There is quite a lot of hubbub these days about the evils of political correctness. If we believe what is being said, then we should no longer have a filter on social or political discourse, that being politically correct is bad. I have even heard politicians and commentators say that being politically correct is corrupting our society. I refuse to believe that.
Social discourse and our democracy demands that we carefully consider our remarks and not defame people or inflame situations. Valid and constructive criticism is always appropriate and necessary but should be measured. Terms that degrade others have no place in our discussions. Let me consider a lifetime of experience.
When I was young, people with intellectual disability were referred to as “retarded.” Even worse names were often used—imbecile, retard, moron, idiot, and simpleton, to name a few. I did not understand the impact of using such terms and often used them. I am now embarrassed by my immature behavior and regret it. The use of those terms implies a less-than-human status for others and falsely elevates me to a greater level than my fellow citizens.
As I continue my introspection, I realize that I also used negative terms to refer to folks with physical disabilities, such as crip, cripple, spas, or spasmo. People with physical disabilities do not deserve to be referred to with demeaning and dehumanizing words. They are people, not ugly words.
Again in my youth, I used words to make fun of folks that were homosexual. I won’t repeat them here since they are offensive and raunchy. Additionally, terms that degrade one’s race or ethnicity are offensive and regrettable when used. Someone’s sexual orientation, the color of their skin, their language, or their accent does not define their humanity. Words do matter when referring to others.
So my life journey has taught me that words make a difference. The term “political correctness” (defined as the avoidance of forms of expression or action that are perceived to exclude, marginalize, or insult groups of people who are socially disadvantaged or discriminated against) has evolved during my adult years. The action of “being PC” (politically correct) has become part of the culture. And I think that the practice is to our benefit.
Let me provide some additional examples. When changes were made to some Dr. Seuss books, some people shouted “woke culture” implying that political correctness to remove offensive and racist images is a bad idea. Just because something was present in the past and nobody complained doesn’t mean that it should continue on unchallenged. When offensive materials are present, changing them is the only rational and humane response. Eliminating symbols of the Confederacy could be considered an act of political correctness. I consider it an act of patriotism to the USA and an act of reconciliation to the generations of people that were enslaved in our country and have suffered (and realistically continue to suffer). We have historically glamorized the Wild West and all of its ruggedness. When people have countered with the realistic narrative about the confiscation of Native American lands and systemic destruction of their cultures, there was an outcry of too much political correctness. Similar outcries have been heard recently as an honest reckoning of racism in America has been greeted with denial and refusal to understanding the importance of such a reckoning. Such a response whitewashes our history and denies so many past incidents that still resonate today—Rosa Parks on the bus, John Lewis at the Selma march, the Birmingham church bombing and death of 4 young girls, Emmet Till’s death in Mississippi, the death of freedom riders promoting voter registration, the AME Emmanuel Church massacre in Charleston SC, and so many, many more. The denial of history is a tragic consequence of the lack of grace and lack of acceptance of our common humanity. It only leads to further schism in our society at a time we are trying to heal, and it is antithetical to the teachings of faith-based living.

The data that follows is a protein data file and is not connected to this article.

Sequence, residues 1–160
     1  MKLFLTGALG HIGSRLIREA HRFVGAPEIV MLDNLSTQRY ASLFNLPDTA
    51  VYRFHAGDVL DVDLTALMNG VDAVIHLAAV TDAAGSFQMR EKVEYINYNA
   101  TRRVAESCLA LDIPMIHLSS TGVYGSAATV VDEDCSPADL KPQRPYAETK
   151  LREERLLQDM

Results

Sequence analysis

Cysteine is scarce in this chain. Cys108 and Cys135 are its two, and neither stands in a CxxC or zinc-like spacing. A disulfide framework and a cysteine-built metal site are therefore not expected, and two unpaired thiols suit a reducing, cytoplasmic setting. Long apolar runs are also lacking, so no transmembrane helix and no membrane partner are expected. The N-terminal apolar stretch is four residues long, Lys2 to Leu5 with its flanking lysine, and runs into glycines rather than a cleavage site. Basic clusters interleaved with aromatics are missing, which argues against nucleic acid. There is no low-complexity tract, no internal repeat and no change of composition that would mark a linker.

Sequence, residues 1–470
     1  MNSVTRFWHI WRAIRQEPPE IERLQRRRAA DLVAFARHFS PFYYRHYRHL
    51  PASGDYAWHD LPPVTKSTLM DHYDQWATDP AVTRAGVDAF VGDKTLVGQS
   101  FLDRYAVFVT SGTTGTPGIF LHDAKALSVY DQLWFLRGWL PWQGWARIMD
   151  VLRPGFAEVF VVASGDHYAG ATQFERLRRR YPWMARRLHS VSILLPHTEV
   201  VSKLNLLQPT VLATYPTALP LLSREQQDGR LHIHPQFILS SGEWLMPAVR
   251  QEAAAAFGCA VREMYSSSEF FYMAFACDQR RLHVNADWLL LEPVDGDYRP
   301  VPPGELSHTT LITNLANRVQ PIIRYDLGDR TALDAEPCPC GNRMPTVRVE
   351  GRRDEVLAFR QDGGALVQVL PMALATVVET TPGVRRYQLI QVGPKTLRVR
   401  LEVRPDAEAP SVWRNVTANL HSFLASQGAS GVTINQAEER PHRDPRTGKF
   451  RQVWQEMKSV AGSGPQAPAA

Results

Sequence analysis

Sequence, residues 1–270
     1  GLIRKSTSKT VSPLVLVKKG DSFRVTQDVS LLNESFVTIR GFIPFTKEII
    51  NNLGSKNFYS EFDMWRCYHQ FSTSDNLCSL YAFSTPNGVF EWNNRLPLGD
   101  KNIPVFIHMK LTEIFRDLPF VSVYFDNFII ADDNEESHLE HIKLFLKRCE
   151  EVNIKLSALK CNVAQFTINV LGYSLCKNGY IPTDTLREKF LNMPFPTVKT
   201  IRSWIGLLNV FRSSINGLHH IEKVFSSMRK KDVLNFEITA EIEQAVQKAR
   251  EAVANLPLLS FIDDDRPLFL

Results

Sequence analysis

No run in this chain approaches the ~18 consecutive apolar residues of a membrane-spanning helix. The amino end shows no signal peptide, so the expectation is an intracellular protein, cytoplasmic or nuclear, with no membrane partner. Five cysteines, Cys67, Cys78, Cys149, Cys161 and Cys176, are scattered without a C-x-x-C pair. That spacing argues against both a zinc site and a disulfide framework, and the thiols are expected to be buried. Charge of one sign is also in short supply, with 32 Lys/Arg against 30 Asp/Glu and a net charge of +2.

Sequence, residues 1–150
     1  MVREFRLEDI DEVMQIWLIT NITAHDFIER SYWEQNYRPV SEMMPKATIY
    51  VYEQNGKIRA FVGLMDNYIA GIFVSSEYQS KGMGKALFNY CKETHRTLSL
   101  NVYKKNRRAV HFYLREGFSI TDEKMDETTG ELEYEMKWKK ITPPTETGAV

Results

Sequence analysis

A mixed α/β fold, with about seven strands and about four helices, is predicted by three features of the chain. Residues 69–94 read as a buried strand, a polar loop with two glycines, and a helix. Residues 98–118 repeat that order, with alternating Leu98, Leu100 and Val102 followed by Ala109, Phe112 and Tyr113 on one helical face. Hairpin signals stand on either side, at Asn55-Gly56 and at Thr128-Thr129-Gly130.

Under the guise of purposely not being PC, numerous politicians, commentators and fellow citizens are now rude, crude and disrespectful. They say that they “tell it like it is” or “call a spade a spade.” I have no problem with criticism. Criticism delivered in a civil manner is valid, helpful and can even be life-changing. Criticism delivered in an uncivil way (degrading, demeaning, disrespectful) only serves to inflame passions and foment hate. Calling people “losers” implies that our fellow citizens are either winner or losers. Really? We are all in this together and deserving of respect. Life circumstances can alter at any time and today’s “winner” could be tomorrow’s “loser” if one accepts that people are either winners or losers. I choose not to believe that.
What is equally disturbing is the acceptance of violence (threat or actual) as an expression of various grievances. Often when facts are twisted or lies confronted, the offending party yells and even threatens offensive actions or physical violence. How can this be seen as acceptable? Yet by inaction or silence, those that do not speak out and condemn such actions are complicit in their acceptance and growth. The acceptance and growth of violence in our society perpetuates the political rift in our society. Violence only serves to allow hate and selfishness to fester.
So, political correctness is ok and necessary in my view. It serves to adjust our moral compass on an episodic basis. Can it be overdone? Sure, but if one’s criticism and/or remarks about our fellow citizens are respectful, being PC is still a good thing. Not only is it a good thing, it is a necessary component of a civil society and democracy such as ours. After all, civility is the hallmark of citizens of faith. Citizens of faith care about how they treat each other. It is the correct thing to do.